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Alright, I am now zoomed into the 200% zoom ratio on this orange snake against a blue background that is found inside the orangeonblue.jpg file inside the 11 Sharpen folder. And the reason I am zoomed into 200% is so that we can see the results of some of the more subtle sharpen functions. Now all of Photoshop sharpening capabilities are located under the Filter menu and the Filter menu frankly is something of a hodgepodge as it turns out there are all kinds of commands, they run the gamut and they are organized into one submenu after another as you can see here just gobs and gobs of submenus.
Now if there is a tie that binds some of the filters anyway, it's that many of them are edge detection functions, so they either exaggerate the degree of contrast between neighboring pixels or they downplay the degree of contrast or they merge pixels together, what have you, some sort of edge detection and edge manipulation is going on. And that's certainly true of the Sharpen functions right here. So you go midway down the Filter menu to the Sharpen command which brings up a submenu of 5 additional commands.
Now the best of the 5 are these two at the bottom here, the ones that end in an ellipsis here the "..." meaning that the command is going to bring up a dialog box so that you can customize the behavior of the function. And these two commands are actually really great commands as it turns out which is why I have assigned them keyboard shortcuts with my D keys keyboard shortcuts if you have loaded those and you will get Shift+F5 for Unsharp Mask and Shift+F6 for the newer Smart Sharpen function, this one was actually introduced in Photoshop CS2. The guys above them here sharpen, sharpen edges and sharpen more are single shot sharpeners as what I call them because they just apply immediately.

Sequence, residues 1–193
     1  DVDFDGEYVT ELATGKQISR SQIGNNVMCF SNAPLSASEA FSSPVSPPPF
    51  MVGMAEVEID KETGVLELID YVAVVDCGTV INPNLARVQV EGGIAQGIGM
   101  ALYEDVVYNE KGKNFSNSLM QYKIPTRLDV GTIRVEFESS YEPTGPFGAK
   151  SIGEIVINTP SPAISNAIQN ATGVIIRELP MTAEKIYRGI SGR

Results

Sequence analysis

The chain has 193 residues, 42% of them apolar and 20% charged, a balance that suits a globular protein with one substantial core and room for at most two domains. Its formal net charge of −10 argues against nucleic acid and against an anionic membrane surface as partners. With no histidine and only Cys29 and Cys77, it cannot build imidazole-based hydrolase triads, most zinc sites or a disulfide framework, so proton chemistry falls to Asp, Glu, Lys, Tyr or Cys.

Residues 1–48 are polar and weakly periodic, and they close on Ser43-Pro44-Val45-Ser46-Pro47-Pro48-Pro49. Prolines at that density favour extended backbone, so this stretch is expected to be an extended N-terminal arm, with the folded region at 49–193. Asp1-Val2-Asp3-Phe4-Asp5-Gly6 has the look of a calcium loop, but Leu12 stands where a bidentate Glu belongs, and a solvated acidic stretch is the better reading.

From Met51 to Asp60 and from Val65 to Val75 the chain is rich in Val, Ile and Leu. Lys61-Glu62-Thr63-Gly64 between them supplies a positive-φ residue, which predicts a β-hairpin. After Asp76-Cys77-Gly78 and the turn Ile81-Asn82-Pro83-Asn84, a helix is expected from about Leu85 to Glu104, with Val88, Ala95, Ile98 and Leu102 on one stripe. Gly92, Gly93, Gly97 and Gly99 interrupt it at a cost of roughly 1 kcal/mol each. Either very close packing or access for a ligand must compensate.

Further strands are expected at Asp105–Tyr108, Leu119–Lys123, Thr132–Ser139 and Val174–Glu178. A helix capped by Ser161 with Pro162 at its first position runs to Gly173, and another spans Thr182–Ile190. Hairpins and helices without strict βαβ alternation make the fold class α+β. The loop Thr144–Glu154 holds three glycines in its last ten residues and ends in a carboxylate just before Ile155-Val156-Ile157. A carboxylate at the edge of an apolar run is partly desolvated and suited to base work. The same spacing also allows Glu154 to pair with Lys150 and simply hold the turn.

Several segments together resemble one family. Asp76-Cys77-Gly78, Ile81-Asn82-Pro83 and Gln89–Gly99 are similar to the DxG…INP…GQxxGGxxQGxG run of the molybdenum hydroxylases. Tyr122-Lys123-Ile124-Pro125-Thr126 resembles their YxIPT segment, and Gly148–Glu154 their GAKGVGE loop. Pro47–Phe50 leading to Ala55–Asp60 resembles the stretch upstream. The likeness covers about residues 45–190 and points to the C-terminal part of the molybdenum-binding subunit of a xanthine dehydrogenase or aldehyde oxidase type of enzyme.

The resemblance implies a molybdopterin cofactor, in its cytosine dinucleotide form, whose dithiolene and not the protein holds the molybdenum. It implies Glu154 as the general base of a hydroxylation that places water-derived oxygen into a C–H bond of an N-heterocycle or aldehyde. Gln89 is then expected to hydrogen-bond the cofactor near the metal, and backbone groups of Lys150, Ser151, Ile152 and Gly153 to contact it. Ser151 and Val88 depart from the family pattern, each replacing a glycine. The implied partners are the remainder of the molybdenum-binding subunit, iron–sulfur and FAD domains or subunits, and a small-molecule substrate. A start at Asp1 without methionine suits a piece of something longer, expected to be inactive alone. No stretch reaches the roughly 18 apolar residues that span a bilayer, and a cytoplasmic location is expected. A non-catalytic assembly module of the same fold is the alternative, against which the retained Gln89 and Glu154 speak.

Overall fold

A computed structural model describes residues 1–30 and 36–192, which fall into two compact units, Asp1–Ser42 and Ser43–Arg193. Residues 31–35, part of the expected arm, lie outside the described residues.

You choose a command, it sharpens the image, you are done, they are non-intelligent commands, they don't analyze the existing brightness values, luminosity levels that kind of thing inside the image, the way for example the Auto Color and Auto Levels and Auto Contrast functions do. They are just these predefined algorithms that apply and they are done. So I will go ahead and show you what they look like and you can safely ignore them actually if you want to but just for the sake of complete coverage here, I will go ahead and choose the Sharpen function. Did you see there that is the effect of sharpening, this is before and this after, just a tiny little bit of additional sharpening going on and that's it.
I am going to undo that command because I don't want to be heaping one sharpening function onto another. Now I am going to go up to the Filter menu, choose Sharpen again and this time I am going to choose Sharpen More which is about three times as much sharpening as it turns out, quite a bit more sharpen is going on inside the image that time around. Again I am going to undo the command and then finally I will show you Sharpen, Sharpen Edges. The idea here is that instead of just sharpening the degree of contrast between all neighboring pixels, it will sharpen only the most defined edges inside the image which apparently includes none of the edges because there is just about no difference between the before and after views.
In fact, if you are seeing a difference at all then you are seeing more than I am. I am going to go ahead and undo that big old modification, so those are them. Those are the single shot sharpeners, you can purge all knowledge of them right now because we are never going to see them ever, ever, ever again in this training series or hopefully any other one. From now on in the next couple of exercise, we are going to focus on the Unsharp Mask command and then we will find our way to this guy right there Smart Sharpen coming right up.
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